U.S. Energy News

Report: California efficiency programs have saved $90 billion

• In using the Clean Air Act to combat climate change, the Obama administration reversed course from earlier goals of doing so through legislation. (Greenwire)
Texas seeks a stay of Clean Power Plan requirements until legal challenges play out. (Texas Tribune)

EFFICIENCY: A report finds California’s efficiency programs have saved $90 billion and eliminated the equivalent of 41 power plants worth of demand, but the state “can do a lot more.” (Los Angeles Times)

NATURAL GAS: A report finds Massachusetts’ natural gas pipeline system has more than 20,000 potentially dangerous leaks. (Boston Globe)

• Solar will be the next energy boom in Texas, with one county alone planning for nearly $1 billion in projects. (Wall Street Journal)
• A Nevada utility says the state’s net metering cap will be reached tomorrow. (Las Vegas Sun)
• The city of Boulder, Colorado launches an online tool to help homeowners assess their solar potential. (Boulder Daily Camera)
• The CEO of the largest U.S. solar installer says California utilities are “trying to kill solar.” (San Diego Union Tribune)
• Work begins on Colorado’s largest solar farm, which will have 156 megawatts of capacity. (Denver Post)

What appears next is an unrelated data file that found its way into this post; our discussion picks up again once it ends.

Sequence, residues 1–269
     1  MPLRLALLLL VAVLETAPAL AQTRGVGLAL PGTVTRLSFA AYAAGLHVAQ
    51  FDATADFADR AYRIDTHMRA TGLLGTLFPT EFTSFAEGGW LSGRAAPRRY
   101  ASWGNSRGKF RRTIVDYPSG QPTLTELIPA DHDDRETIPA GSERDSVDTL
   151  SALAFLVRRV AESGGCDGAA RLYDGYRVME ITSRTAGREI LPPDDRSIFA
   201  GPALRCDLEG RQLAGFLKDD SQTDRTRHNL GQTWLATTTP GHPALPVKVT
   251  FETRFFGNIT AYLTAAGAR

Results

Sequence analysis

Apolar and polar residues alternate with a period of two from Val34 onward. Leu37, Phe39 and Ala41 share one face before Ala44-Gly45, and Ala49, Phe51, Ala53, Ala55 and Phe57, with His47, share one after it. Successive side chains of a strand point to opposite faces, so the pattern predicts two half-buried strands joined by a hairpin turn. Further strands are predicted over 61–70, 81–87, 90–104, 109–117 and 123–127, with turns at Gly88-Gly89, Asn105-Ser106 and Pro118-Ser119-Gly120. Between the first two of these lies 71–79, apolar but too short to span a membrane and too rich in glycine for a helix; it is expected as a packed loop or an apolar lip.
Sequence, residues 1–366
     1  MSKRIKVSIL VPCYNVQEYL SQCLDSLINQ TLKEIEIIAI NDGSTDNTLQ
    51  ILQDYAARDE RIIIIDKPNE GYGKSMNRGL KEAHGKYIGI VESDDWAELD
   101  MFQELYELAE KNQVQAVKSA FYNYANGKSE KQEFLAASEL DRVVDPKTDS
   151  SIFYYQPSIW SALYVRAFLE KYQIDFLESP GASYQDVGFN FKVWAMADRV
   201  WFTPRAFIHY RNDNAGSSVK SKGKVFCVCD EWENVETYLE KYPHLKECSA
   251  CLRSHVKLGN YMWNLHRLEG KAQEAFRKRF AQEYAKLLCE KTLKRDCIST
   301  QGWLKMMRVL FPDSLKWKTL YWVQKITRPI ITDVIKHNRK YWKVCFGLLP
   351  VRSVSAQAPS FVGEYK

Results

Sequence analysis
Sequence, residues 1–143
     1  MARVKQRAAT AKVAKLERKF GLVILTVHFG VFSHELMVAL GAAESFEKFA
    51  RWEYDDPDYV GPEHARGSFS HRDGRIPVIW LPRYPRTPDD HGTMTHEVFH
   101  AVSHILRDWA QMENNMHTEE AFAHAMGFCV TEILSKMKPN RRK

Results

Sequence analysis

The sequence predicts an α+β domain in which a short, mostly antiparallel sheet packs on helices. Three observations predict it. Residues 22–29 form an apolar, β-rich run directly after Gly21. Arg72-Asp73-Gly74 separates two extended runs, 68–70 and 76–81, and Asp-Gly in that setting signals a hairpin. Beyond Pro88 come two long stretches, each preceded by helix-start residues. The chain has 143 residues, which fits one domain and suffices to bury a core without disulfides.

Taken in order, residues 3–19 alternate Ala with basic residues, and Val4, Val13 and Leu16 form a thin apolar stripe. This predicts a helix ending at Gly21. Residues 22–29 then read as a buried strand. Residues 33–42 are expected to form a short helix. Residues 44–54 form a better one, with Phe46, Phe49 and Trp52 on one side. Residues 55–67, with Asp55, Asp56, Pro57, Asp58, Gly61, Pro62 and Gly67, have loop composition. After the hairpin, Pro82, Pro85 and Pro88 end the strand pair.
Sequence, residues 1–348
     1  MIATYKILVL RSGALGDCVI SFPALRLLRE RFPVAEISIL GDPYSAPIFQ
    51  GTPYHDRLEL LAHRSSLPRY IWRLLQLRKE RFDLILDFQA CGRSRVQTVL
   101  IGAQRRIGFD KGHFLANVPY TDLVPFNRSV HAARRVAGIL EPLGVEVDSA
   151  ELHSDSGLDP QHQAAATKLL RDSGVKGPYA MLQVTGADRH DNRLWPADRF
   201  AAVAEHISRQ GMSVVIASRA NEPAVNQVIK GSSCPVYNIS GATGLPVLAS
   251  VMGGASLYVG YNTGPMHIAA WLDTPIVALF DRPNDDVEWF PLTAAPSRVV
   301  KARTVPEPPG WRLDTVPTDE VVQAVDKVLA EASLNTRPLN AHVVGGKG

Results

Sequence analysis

• A government agency in Minnesota is using marginal land it owns in the Twin Cities region for solar installations. (Midwest Energy News)

• A proposed wind farm runs into opposition in Virginia coal country. (Washington Post)
• Local and county officials near Lincoln, Nebraska struggle with wind farm regulations. (Lincoln Journal Star)

COAL: As the coal industry loses around 10,000 jobs per year, Appalachia is taking the biggest hit. (Bloomberg)

FRACKING: A leading shale producer signs a deal to use millions of gallons of treated municipal wastewater in fracking operations in west Texas. (Reuters)

GRID: The results of the PJM Interconnection’s capacity auction, which has been modified in an effort to resolve reliability issues, are expected to be released today. (Philadelphia Inquirer)

• The state’s top regulator tells power companies to “stop trying to scare Ohioans” when talking about re-regulating the state. (Columbus Business First)
Nevada regulators say it would cost $131 million in “exit fees” for three major casino operators to leave Nevada Power and buy electricity on the open market. (Las Vegas Review-Journal)

WASTE-TO-ENERGY: A plant on the edge of downtown Minneapolis quietly converts 1,000 tons of garbage a day into electricity, as one of the city’s trendiest neighborhoods blooms nearby. (Politico)

• Developers of a new technology to extract CO2 from the air to produce carbon nanofibers say that if scaled up, the process could restore the atmosphere to pre-industrial carbon levels within 10 years. (Christian Science Monitor)
• A new class of thermoelectrics being developed at Michigan State University is driving one company to commercialize products that turn waste heat into electricity. (NPR)

Taxpayers are being ripped off by fossil fuel leasing on federal lands. (Grist)
• Why climate advocates need to focus less on economics and more on politics. (Vox)

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